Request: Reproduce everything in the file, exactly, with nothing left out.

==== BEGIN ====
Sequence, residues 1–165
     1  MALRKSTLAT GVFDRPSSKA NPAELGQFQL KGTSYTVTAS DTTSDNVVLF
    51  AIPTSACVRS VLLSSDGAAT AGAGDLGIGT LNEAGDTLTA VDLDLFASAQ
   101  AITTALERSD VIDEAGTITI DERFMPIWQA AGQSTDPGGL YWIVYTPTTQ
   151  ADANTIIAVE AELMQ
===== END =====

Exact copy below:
Sequence, residues 1–165
     1  MALRKSTLAT GVFDRPSSKA NPAELGQFQL KGTSYTVTAS DTTSDNVVLF
    51  AIPTSACVRS VLLSSDGAAT AGAGDLGIGT LNEAGDTLTA VDLDLFASAQ
   101  AITTALERSD VIDEAGTITI DERFMPIWQA AGQSTDPGGL YWIVYTPTTQ
   151  ADANTIIAVE AELMQ